BEIRUT - The Lebanese Red Cross and other aid agencies are readying themselves to provide humanitarian assistance in the case of further attacks by Israel in Lebanon.
The Red Cross has so far sent 350 first aid workers and 36 ambulances to the impoverished south. “The situation is very bad because there’s been a lot of bombardment and some bridges have been destroyed,” said Red Cross spokesman Ayad Mounzer. “We’ve been meeting to discuss the situation and a plan of action, including a new appeal”.
The current crisis, the worst since the Israeli retreat from Southern Lebanon in 2000, erupted when the “Party of God” known Hezbollah staged a successful cross-border assault on an Israeli army post, killing three soldiers and capturing two. In an attempt to rescue the hostages, another four Israeli soldiers died when their military vehicle hit an explosive device.
Israeli Prime Minister Ehud Olmert on Wednesday called the Hezbollah attack “an act of war” and held the Lebanese government responsible for failing to implement UN Resolution 1559, which demands that all militias on Lebanese territory be disarmed. The Lebanese government, meanwhile, announced it had no previous knowledge of the attack.
The overwhelming Israeli military response has so far killed 47 and injured 100, most of them civilians, the Ministry of Public Health announced on Thursday. Most casualties were reported near the border in the south of the country, with the Israeli army continuing to launch artillery fire and air strikes at Hezbollah positions and at civilian infrastructure.
Roads, bridges and the Beirut International Airport were all targeted within the last 24 hours . While the Israeli army has amassed thousands of soldiers on the border, no Israeli ground troops have been reported within Lebanese territory so far, according to Richard Morzynski, spokesman for the United Nations Interim Force in Lebanon (UNIFIL).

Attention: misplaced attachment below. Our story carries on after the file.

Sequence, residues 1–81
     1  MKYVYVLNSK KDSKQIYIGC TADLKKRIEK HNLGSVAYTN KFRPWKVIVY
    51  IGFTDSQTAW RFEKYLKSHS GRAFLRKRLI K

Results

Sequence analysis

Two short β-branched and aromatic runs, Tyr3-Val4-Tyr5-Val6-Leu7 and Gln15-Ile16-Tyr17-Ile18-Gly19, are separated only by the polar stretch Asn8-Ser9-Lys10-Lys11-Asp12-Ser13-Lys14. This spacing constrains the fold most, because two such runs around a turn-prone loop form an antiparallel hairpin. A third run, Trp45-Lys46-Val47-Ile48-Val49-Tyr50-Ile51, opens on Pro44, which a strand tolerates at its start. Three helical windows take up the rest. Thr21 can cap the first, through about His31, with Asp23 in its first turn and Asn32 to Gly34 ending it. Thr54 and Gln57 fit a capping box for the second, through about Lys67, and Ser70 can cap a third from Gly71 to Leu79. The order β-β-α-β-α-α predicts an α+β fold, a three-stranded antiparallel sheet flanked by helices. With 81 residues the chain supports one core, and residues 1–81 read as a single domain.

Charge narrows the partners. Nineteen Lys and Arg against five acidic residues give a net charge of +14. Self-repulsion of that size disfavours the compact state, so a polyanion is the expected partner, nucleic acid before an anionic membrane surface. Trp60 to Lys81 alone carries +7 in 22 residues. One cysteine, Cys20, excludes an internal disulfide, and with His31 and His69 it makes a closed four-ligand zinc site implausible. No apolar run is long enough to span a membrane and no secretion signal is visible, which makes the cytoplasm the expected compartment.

Many Lebanese fear that Israel will reinstall a buffer zone along the border, as it did from 1982 to 2000. “UNIFIL is in the process of establishing facts on the ground,” said Morzynski. “We’ve been trying to establish a ceasefire, but for that you need two parties. The Israeli position is clear: no discussion until the two soldiers are freed.”
The action by Hezbollah was strongly condemned by United Nations Secretary-General Kofi Annan, who said it breached existing Security Council resolutions. He also called for the immediate and unconditional release of the Israeli captives. “This incident, and subsequent developments, which endanger an already volatile region, demonstrates once again how urgent it is that the Lebanese government extends its control over all Lebanese territory and prevents such attacks across the Blue Line,” Annan said.
The secretary-general’s personal representative in Lebanon, Gier Pedersen, added: “The Hezbollah attack is to be condemned in the strongest possible terms. The action escalates the already tense situation along the Blue Line and is an act of very dangerous proportions.”
According to Hezbollah Secretary-General Hassan Nasrallah, the aim of the operation was to capture Israeli soldiers who will only be released in exchange for Lebanese and Arab prisoners currently languishing Israeli prisons.
Many experts however, believe there is more at stake than the release of prisoners. Peter Haenni of the International Crisis Group claimed there was a connection with the current crisis in the Gaza strip, which has been “largely ignored by the rest of the world”.
He added: “Since the Israeli retreat in 2000, Hezbollah has found it difficult to change from a resistance to a more civic movement, both on the national and regional levels. With this attack, it hopes to re-establish itself as a national and regional player, not least in the eyes of Sunni Islamic parties.”
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